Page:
Daily Mirror - Print Edition

Saga of a prideful legacy and brotherhood in cricket

21 Feb 2024 - {{hitsCtrl.values.hits}}      



As we have started the move on this journey, we eagerly anticipate the successful execution of the 94th traditional cricket encounter between Ananda and Nalanda, titled the “Saga of a Prideful Legacy and Brotherhood.” This event is scheduled for March 2 and 3, while the 47th limited overs encounter is set for March 17. Both cricket matches are scheduled to take place at the Singhalese Sports Club (SSC) grounds, marking a significantly new chapter in our shared legacy. The ticket launch ceremony is scheduled today (February 21) at the Kingsbury Colombo. The last triumph in a ‘Battle of the Maroons’ was achieved by Ananda in 2003. Conversely, Nalanda secured its last victory in 2022; breaking a sixty-nineyear drought. Nalanda was established as an offshoot of Ananda in 1924. Ananda and Nalanda initiated the “Big Match” to foster camaraderie among students of both institutions and nurture their cricketing prowess. The inaugural ‘Battle of the Maroons’ unfolded in 1924, solidifying a longstanding tradition between Ananda and Nalanda. 

Seated (left to right) P. M . Jayatileke, D. K. Kodagoda, J. B. Jayawarneda(Captain, Nalanda), Dr. G.P Malalasekara, Mr. P.D.S Kularatne, W.W. Dep (Captain,Ananda) , W.H Wanasinghe, N. D. de S. Wijesekara. Standing (left to right) B. Amarasuriya, A. Attygala, N. Kularatne, T. D . Amaradasa, D. P. Boderagama, S. Kulatunga, M Shamoon, K. Dharmadasa, W.S. Attygala, Osmund de Silva, B. Somadasa Perera, V. P . Jayasena.On the Ground Arthur Perera, G. Wickramasinghe, Samuel Silva, G.S. Hevavisenti.

The Big Match swiftly evolved into a highly anticipated and cherished event, capturing the pride and enthusiasm of everyone associated with both schools. Over the decades, a rich tradition was established, and the cricketing competency of Ananda and Nalanda surpassed that of other schools in the country. The ‘Battle of the Maroons’ gradually transformed into a symbol of the unique brotherhood between the two schools, standing out in a landscape where many schools aim to outshine each other. During the war years of 1942, 1943, 1944, and 1945, no matches took place, and in 1948, the ‘Battle of the Maroons’ encounter was also skipped, although the exact reason is not explicitly stated. Additionally, in 2021, the match wasn’t played due to health reasons stemming from the Covid-19 pandemic impact. 





Since the 1970’s the ‘Battle of the Maroons’ has blossomed to become the most productive school cricket encounter in the island producing national cricketers of extraordinary talent and cricketing intellect. Two of the most noteworthy cricketers, the Maroons have produced, that have brought glory to Sri Lanka Cricket are Bandula Warnapura of Nalanda who became the first Test captain and Arjuna Ranatunga of Ananda who captain of the World Cup winning team of 1996. This is only a glimpse of the contribution that the two schools have made to Sri Lanka Cricket as they continue to provide the largest contingent of players to the Sri Lankan National Cricket squad. The ‘Battle of the Maroons’ has further evolved into more than just a cricketing event; it has become a display with immense commercial potential. By introducing the concept of ‘Sportainment,’ we have created an architecture that optimises audience, awareness and brand reach. Audience reach is attracting more people and it is anticipated that over 15,000 spectators this year, with a broader audience reached through national and internal live feeds. Further, the entertainment tents have a high-end designation featuring celebrities, ensuring continuous hype throughout the event. In addition, social media presence is extended on various social media platforms, providing an extended reach before and after the main events.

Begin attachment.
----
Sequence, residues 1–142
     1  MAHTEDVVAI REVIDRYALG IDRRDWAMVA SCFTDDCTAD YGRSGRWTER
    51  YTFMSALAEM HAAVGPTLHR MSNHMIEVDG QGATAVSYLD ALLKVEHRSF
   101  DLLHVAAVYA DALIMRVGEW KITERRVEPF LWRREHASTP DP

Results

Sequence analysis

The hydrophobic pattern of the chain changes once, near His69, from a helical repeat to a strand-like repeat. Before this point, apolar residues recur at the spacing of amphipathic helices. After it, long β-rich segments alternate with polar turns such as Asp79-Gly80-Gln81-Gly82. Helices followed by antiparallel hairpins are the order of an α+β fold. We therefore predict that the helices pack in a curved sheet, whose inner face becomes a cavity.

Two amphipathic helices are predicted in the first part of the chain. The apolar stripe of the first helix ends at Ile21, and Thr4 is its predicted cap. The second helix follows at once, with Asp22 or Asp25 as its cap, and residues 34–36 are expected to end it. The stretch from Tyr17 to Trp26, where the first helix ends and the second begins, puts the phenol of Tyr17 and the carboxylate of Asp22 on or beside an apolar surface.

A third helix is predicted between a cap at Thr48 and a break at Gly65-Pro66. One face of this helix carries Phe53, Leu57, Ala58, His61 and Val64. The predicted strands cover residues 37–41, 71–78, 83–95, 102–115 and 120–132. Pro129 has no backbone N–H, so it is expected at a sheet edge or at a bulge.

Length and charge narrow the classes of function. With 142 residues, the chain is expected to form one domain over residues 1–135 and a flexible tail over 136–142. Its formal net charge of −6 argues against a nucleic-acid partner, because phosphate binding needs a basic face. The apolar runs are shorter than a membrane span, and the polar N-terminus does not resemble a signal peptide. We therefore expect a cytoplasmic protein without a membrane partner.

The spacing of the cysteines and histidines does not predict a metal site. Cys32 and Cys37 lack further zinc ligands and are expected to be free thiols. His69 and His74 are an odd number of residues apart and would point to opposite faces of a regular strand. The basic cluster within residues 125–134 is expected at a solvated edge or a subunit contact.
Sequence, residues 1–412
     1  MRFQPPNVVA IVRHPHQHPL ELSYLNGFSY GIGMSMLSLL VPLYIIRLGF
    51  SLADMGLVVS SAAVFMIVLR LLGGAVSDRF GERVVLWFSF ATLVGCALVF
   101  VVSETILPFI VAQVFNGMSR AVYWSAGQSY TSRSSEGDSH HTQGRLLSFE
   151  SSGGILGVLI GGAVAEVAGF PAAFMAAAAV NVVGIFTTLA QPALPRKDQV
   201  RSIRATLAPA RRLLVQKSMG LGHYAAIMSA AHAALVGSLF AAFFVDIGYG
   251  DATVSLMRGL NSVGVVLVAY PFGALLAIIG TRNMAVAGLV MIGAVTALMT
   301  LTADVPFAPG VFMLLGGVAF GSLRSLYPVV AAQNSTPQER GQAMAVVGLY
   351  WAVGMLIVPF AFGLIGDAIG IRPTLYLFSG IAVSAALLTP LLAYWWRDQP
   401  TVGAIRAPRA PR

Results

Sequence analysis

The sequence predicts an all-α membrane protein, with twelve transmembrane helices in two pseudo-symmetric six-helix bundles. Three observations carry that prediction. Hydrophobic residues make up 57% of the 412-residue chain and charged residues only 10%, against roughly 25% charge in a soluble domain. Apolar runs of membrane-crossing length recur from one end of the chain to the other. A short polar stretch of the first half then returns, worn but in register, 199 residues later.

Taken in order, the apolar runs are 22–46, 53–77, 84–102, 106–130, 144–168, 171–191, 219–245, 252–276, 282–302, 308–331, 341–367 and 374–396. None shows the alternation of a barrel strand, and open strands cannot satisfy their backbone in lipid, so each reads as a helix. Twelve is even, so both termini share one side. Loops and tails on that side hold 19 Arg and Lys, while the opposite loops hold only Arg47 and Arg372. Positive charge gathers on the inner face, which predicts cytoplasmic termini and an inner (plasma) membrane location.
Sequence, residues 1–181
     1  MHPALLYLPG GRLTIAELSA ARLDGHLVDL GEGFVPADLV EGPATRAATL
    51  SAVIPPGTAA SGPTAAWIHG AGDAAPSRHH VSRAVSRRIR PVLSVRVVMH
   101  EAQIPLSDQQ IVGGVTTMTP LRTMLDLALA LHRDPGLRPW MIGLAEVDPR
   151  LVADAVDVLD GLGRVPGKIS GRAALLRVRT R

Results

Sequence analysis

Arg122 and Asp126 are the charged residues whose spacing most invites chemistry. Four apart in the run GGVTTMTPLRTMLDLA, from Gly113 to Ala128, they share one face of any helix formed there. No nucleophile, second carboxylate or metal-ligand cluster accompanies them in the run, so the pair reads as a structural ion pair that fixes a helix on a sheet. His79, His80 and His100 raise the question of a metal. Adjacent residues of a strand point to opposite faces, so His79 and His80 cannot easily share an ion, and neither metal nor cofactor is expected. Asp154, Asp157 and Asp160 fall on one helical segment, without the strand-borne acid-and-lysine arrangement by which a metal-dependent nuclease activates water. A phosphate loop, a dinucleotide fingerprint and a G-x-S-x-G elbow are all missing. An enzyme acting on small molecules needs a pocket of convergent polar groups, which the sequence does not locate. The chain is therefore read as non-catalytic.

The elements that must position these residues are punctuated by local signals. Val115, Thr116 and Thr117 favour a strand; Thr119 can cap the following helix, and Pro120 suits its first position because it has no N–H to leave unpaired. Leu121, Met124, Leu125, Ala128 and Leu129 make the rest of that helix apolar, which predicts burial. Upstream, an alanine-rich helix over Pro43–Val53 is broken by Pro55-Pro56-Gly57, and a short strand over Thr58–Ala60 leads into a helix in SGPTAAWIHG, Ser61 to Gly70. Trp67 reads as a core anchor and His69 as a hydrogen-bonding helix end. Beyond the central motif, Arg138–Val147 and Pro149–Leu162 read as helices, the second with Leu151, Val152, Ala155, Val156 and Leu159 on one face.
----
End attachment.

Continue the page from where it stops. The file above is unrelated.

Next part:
The Big Matches are also known as March Madness as they are usually held at the end of the first school term in March. The Big Matches provide competition among schools and it also serves as a meeting place for many old boys. This is an annual calendar event that is looked forward to between rival schools in Sri Lanka. These schools have been playing against one another for many years; some for over a century. The Big Matches have become an important part of modern Sri Lankan culture, with both schoolchildren and adults taking part in the activity. Our annual match draws excitement from all walks of life, spanning generations, genders, and even those unaffiliated with either school. The event is a festive occasion where both old and present students come together for joyous celebrations. It’s common to witness elderly alumni from both schools at the “Big Match,” relishing the chance to stroll down memory lane and reconnect with old friends at the ‘Brothers Tent’. In Colombo, several notable encounters have set the traditions. The ‘Battle of the Blues’ between Royal College, Colombo, and S. Thomas’ College, Mount Lavinia, began in 1879 and reached its 144th encounter in 2023. Other iconic matches include the ‘Battle of the Saints’, the ‘Battle of the Golds’ in Moratuwa, despite there being occasional disruptions in this encounter. The ‘Battle of the Brothers’, and the youngest of them all, the ‘Battle of the Golds’ in Colombo, involving D. S. Senanayake College and Mahanama College, which started in 2007, marked its 17th edition in 2023. Each encounter is a testament to the longstanding traditions and the shared passion for cricket among the schools. The rich history of these encounters showcases the enduring spirit of competition and camaraderie. In the current year 2024, the Joint Organizing Committee for the ‘Battle of the Maroons’ has been re-structured, featuring many eminent old boys from both schools since it was founded in 2009. This committee continues the tradition of jointly organising the annual cricketing encounter, exemplifying the brotherhood between Ananda and Nalanda. 



Ananda-Nalanda Teams in 1926